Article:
17. It works with 3rd party dlls, but doesn’t work with MS CRT dlls (I tested with msvcr71d.dll). When a function in msvcr71d.dll generates an exception, Windows error report still displays.
    This code snippet will generate an exception in msvcr71d.dll:
    char * str1=””;
    char str2[20];
    strncpy(str2, str1,strlen(str1)-10);

  18. Hi Paul,

    I agree, and we patch the IAT for a ton of other functions (including HeapAlloc and some of the mm APIs for our Flash integration) but you have to remember to patch the IAT after you LoadLibrary every dynamic component.

    If you modify the function directly, the change will persist for all dynamically-loaded libraries.


  19. @Chad No you don’t – LL will not overwrite your change once the library is loaded, it’ll just increment the refcount on the DLL. Once you rig the IAT, it’ll stay rigged. This is the main mechanism as to how AppCompat shims work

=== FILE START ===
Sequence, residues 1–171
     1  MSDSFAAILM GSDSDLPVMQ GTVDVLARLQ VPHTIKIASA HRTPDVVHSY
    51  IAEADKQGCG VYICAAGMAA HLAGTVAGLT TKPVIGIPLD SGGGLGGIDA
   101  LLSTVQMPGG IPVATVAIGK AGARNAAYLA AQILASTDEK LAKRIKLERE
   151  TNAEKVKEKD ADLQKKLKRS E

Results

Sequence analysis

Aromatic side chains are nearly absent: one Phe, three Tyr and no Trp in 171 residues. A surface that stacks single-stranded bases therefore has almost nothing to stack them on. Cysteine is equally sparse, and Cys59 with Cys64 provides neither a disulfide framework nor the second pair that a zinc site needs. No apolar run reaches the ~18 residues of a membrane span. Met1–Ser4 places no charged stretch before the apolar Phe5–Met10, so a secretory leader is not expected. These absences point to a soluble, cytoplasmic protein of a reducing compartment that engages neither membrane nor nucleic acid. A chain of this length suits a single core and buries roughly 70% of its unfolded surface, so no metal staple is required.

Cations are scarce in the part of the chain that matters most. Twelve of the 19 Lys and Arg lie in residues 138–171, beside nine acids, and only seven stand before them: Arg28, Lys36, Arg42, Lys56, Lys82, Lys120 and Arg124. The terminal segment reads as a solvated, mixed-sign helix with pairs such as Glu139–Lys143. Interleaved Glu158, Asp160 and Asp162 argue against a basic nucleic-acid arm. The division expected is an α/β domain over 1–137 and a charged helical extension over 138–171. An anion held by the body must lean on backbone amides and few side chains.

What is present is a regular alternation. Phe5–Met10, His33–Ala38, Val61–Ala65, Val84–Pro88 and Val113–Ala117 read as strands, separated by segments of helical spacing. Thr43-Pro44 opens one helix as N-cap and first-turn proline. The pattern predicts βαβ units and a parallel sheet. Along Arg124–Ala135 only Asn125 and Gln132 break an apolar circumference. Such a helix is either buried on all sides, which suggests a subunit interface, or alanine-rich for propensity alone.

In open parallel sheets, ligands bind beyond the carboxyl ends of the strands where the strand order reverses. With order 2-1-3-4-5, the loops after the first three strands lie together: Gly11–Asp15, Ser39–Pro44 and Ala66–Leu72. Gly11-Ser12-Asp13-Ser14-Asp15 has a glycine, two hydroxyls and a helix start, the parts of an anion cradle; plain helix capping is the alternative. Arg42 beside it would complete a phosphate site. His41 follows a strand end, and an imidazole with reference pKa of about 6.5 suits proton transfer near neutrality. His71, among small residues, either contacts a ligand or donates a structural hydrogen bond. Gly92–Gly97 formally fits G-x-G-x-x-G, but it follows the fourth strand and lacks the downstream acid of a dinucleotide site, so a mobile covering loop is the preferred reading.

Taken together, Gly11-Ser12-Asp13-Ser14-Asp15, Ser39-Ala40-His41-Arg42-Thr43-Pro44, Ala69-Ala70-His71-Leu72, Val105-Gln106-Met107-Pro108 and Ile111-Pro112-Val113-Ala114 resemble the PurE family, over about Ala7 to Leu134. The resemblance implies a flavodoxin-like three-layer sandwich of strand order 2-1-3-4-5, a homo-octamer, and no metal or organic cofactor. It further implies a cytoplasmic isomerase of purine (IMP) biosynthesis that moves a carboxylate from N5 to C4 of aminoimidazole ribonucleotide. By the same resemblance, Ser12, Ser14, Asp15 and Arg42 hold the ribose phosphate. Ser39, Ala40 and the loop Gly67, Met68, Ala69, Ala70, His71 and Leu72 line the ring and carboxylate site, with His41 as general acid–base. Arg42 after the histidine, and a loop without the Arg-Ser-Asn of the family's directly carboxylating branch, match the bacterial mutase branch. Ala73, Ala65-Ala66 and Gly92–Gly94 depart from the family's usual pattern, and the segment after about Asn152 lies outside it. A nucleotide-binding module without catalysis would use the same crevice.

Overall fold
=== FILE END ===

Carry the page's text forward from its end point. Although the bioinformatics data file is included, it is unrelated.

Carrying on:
20. Hm, I’m referring to hooking IATs before libraries are loaded. We use a library called “APIHook” to patch up IATs at application start, but we load Flash and Direct3D dynamically. After loading d3d.dll or flash10b.ocx, we’d have to remember to modify their IATs too.

    Or maybe my terminology is screwed up and we’re talking about different things?

  21. For the guys finding the same for x64 architectures

    xor eax, eax ; eax = 0
    ret 4 ; pops 4 bytes (arg) and returns

    translates on x64 to

    xor rax,rax ;this time rax = 0 is the return value
    ret ;on 64 bit the caller will unwind the stack.

    this leads to the following code machine:

    unsigned char new_code[] = { 0x48, 0x33, 0xC0, 0xC3 };

    as for the part with the expected code, I haven’t checked if it is the same. maybe somebody else does it.